Sep 262010
 

Last weekend I had a case of Computer! Emergency! Panic! It came to me after a week of regular “first week of school”-panic, and on top of “first live performance in five years”-panic. Really, it was lovely.

So, Saturday morning (more than a week ago) after breakfast I went over to my studio to “just check my e-mail” which usually is code for “plop down in front of the computer and lose myself in the depth of the webs for an hour or two”, and when I tried to turn on my laptop all I got was the grey screen of doom. The second attempt got me as far as the “grey screen with blinking question mark”. Bad sign, not good at all.

That was the beginning of 2 1/2 days of me sitting in front of the machine, trying things, doing research on my husband’s computer, rushing off to get spare parts, and dismantling and re-assmebling my computer. I didn’t sleep properly in days and found that there is indeed one thing in the world that makes me lose my appetite, and that’s a computer emergency.

Now, I am a bit embarrassed that my computer is that important to me, and I have indeed contemplated going analogue again, I’m not sure – for example – if my electronic calendar is really worth the hassle; but it was my husband who got me to ponder this question even further.

Let’s face it, we might think that computer emergencies are the exception, and fortunately they are, but I find that there are enough of them to warrant a plan on how to deal with them. This past hiccup caused me to spend about a week thinking about not much else, and I had to spend quite a bit of money as well.

Granted, not everybody has three hard disk failures in four years (and I won’t get another re-furbished machine, that’s for sure) but I had them. And there are quite a few more of the smaller crises like software updates going wonky, or user error, or mysterious ailments that cause half your calendar to disappear.

So I’m making some rules for computer emergencies for myself. And I’ll print them out and put them somewhere I’ll find them again. Before I write about those, though, there is something really important to remind you (and me) of – you’ve probably heard it before – BACK UP. OFTEN. When my first hard disk crashed I lost about half a year’s worth of family photos, digital music, and some other stuff. This time I was fortunate: the computer broke the morning after my regular Friday backup. I’ve been using ibackup, and that has been the only reason that computer failure didn’t turn me into a small ball of whimper. My new computer comes with time machine, and I really hope that works. So, the rules…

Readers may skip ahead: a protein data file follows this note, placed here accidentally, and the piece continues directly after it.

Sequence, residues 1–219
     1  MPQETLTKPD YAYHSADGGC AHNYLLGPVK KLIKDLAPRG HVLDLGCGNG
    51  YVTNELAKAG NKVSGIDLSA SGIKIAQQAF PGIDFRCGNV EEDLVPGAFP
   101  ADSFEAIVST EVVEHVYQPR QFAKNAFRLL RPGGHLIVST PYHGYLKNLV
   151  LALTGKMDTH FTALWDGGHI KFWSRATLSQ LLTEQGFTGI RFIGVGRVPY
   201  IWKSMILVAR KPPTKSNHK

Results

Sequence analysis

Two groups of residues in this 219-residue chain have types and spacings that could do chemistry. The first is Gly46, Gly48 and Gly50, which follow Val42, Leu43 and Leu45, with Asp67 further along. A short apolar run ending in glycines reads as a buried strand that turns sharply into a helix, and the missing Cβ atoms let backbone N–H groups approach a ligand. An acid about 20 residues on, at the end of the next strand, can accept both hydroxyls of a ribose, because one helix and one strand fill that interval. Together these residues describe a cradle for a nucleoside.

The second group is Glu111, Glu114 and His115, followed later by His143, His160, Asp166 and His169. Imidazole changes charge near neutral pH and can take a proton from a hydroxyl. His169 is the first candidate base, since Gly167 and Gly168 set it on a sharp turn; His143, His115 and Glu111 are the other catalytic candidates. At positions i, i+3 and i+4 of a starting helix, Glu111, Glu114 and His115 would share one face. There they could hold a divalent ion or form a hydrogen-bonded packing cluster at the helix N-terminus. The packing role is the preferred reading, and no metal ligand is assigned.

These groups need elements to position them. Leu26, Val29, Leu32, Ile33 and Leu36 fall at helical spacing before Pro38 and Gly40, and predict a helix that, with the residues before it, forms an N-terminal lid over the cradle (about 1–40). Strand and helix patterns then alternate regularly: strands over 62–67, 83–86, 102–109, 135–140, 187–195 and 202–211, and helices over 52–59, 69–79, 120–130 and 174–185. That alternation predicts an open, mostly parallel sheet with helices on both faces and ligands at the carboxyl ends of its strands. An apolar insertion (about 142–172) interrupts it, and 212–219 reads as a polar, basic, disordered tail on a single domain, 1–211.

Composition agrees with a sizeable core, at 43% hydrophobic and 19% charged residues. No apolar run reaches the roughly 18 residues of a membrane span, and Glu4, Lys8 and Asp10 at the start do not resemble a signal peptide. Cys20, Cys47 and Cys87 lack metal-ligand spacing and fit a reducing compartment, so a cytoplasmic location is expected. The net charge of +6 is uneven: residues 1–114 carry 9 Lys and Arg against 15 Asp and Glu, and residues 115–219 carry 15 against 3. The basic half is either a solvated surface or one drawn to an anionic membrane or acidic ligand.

… when I get to my computer and something is wrong the main rule is: remember real life first

  1. Do I have any pressing things to do like feeding my son or being somewhere else?
  2. Have I taken a shower already? Chances are that fiddling with the computer will let me lose my sense of time completely. Yes, fixing the problem might only take twenty minutes but what if it takes two days? Which it usually does.
  3. Do I have something to drink nearby? Have I been to the bathroom? Last Sunday I got so mesmerized by working on my dead computer that I only drank my morning tea and a small glass of wine with lunch. Nothing else.
  4. Is it past six o’clock in the evening? Wait until the morning.
  5. Tell my family that there is a computer emergency and ask them to come and look for me once and hour or so.
  6. Don’t panic. It’s just a device, it’s not my life.

The other thing I did was that this time when I bought a new computer I got an extended warranty. So for the next three years whenever anything goes wrong with my computer I’ll go to the nice computer shop, bat my eyelashes and say, “There is something wrong with my computer, please fix it.” And I actually bought locally because of this for once.

I could have fixed the computer in the end but I would have needed a new hard drive (which I already bought), and on top of that a new keyboard/trackpad/top case-part because I managed to break that while installing the new hard drive. And yes, one should be able to install a new hard disk in a Macbook without opening the whole computer but you can only do that when the guys who installed the last hard disk (after the first one broke) put back everything including the white tab that you use to pull the broken drive out. So I would have ended up spending another 130 € on a four year old laptop with a broken optical drive.

So in the end I got a new shiny computer which I really love and have wanted for quite some time now. But it took me almost a week to restore everything, and there are still about three programs that won’t work. Of course, I bought those years ago, and now with the shiny new computer, of course, comes a shiny new version of the operating system.

Next thing I’ll have to get my audio interface work with the computer. Wish me luck.

  One Response to “What to do when your computer goes boink”

  1. Congratulations on getting the new computer and best of luck making the finances work. My husband has a new laptop here at the house that he says I can use, but switching computers or restoring an old one from a crash is a bit like learning to write with the opposite hand. I’m terrible at writing with my left hand!!

    I lost my iTunes library, and the whole thing is only on the most ancient and unreliable iPod we own, so I’m just in denial for now, until I’m ready to deal with it carefully.

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